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Book Adventure

    What it is: http://bookadventure.org is a valuable tool for your reading program. Book Adventure is a FREE reading motivation program for kindergarten- eighth grade students. Students can create their own book lists from over 7,000 recommended titles, take multiple choice quizzes on the books they’ve read, and earn points and prizes for their literary successes. Teachers automatically get students quiz scores in the teacher area. You can print out automatically generated notes home with each students information plugged in. You can start online book groups where students can read and discuss their comprehension of the book with other students. This site is so easy for students and teachers alike and is a simple way to integrate technology into your classroom. How to integrate Book Adventure into your reading curriculum: The first step is signing up at http://bookadventure.org. Order a free Teacher’s Guide from the teachers page. Whether you have a one to two computer classroom, access to a computer lab, or mobile lab, you can use this tool to enhance your current reading curriculum. Students are so motivated by this program (even the most reluctant readers)! If you have computers in your classroom you can allow students to use Book Adventure as they finish books. Create a Book Adventure sign up sheet (or use the one I provided below). As a student completes a book, they can log into Book Adventure and take a multiple choice quiz and track their points. I allow students to do this during silent reading time or free time. If you don’t have computer access in your classroom, set goals with your students so that they are all ready to use Book Adventure at the same time and use a computer lab or mobile lab. Tips: Although Book Adventure is geared for k-8 education, it would be difficult to use in kindergarten or first grade without an adult. I have used Book Adventure with second graders very successfully. Make a bookmark for Book Adventure so that it is easily accessible. This way your students will save time getting to the site.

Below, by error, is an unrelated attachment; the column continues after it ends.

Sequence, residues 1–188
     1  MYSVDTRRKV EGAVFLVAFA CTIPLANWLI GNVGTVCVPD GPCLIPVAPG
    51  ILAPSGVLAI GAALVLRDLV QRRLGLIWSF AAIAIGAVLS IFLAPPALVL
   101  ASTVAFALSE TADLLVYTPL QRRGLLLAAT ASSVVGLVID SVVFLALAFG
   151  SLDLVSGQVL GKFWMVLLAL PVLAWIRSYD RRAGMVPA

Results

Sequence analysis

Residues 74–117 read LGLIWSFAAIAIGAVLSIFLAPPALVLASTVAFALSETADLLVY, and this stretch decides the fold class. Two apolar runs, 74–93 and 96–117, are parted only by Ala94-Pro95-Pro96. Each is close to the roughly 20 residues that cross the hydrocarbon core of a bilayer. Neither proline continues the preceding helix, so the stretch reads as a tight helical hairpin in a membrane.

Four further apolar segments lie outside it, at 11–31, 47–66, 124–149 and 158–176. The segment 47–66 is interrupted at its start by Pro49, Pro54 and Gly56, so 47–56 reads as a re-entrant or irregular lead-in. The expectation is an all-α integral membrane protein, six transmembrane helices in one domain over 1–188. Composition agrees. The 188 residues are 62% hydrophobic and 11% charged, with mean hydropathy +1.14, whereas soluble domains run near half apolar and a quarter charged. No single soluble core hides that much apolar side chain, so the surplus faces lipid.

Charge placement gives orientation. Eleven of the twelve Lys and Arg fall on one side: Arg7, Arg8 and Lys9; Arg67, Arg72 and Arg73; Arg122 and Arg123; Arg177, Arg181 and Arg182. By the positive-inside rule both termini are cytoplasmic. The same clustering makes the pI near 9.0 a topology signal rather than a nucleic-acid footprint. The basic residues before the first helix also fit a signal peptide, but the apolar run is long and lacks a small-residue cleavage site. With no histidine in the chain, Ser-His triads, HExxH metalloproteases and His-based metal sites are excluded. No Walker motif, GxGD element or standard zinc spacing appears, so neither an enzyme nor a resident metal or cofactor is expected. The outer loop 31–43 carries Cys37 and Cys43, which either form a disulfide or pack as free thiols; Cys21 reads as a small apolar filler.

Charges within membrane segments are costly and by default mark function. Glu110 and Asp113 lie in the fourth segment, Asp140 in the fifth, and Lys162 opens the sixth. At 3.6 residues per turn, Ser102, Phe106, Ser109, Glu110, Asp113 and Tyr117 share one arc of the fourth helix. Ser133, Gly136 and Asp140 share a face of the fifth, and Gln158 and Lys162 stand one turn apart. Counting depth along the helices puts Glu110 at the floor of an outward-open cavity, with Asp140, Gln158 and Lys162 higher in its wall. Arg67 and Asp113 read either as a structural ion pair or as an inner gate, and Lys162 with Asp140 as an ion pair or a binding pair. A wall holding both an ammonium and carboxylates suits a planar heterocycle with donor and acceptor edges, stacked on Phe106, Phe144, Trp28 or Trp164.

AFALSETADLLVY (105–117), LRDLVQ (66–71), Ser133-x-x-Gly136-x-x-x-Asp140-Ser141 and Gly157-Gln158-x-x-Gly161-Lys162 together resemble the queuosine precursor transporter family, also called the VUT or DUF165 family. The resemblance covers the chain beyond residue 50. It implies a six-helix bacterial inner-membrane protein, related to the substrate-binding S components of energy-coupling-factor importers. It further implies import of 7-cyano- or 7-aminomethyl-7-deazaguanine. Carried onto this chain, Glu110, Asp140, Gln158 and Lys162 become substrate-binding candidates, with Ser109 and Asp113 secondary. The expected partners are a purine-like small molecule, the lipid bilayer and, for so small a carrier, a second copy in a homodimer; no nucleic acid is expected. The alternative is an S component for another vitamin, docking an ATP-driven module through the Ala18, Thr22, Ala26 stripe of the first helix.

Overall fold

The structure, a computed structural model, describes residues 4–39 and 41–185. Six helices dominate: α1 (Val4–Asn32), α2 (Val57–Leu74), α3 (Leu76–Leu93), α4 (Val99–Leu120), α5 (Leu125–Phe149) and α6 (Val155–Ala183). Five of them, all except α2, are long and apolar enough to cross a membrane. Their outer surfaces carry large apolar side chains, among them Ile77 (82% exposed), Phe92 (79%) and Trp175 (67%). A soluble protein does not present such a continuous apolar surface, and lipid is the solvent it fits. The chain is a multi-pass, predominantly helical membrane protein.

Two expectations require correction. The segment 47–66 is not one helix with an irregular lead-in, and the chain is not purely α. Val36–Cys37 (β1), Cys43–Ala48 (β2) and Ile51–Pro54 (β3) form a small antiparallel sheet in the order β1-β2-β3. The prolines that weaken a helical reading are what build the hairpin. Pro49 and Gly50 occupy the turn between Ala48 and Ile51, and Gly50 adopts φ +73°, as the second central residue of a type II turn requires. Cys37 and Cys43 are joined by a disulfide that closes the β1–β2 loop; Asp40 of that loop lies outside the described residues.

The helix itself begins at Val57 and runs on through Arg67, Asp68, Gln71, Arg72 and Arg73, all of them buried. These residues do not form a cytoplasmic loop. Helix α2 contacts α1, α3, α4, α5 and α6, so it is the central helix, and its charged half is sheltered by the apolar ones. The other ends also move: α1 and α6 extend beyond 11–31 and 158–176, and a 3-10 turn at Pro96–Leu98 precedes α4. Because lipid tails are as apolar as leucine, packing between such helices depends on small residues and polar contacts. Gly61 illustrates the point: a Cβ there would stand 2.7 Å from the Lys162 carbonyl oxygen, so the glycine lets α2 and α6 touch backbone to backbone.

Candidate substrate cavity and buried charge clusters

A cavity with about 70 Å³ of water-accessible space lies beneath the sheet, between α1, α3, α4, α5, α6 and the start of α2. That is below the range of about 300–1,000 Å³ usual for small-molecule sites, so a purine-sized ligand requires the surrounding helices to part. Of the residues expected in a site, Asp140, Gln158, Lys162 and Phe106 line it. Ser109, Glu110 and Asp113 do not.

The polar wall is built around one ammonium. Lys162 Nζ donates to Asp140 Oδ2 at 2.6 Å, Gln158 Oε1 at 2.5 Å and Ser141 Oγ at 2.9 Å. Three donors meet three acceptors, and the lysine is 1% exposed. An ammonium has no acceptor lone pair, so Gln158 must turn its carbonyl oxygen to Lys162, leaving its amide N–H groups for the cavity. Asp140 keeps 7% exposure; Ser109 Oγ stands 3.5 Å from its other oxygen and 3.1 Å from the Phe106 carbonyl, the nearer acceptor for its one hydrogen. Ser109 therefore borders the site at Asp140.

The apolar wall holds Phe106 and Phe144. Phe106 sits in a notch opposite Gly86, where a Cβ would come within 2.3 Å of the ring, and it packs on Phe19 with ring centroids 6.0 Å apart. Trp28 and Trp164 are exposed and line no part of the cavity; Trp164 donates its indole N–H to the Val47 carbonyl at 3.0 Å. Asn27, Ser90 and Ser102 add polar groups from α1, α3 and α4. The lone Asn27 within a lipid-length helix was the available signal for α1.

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Apprenticing students in the art of learning

Posted by admin | Posted in Anastasis Academy, inspiration, Middle/High School, Primary Elementary, professional development, Secondary Elementary, Teacher Resources | Posted on 31-10-2013

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I’m of the opinion that the apprenticeship model should be the basis for education.  This is one of the cornerstones of Anastasis philosophy, that we apprentice students in the art of learning.  The goal then, is to teach students how to be learners by modelling what it means to be a learner.  I’m not sure how one can be a teacher and not be a learner.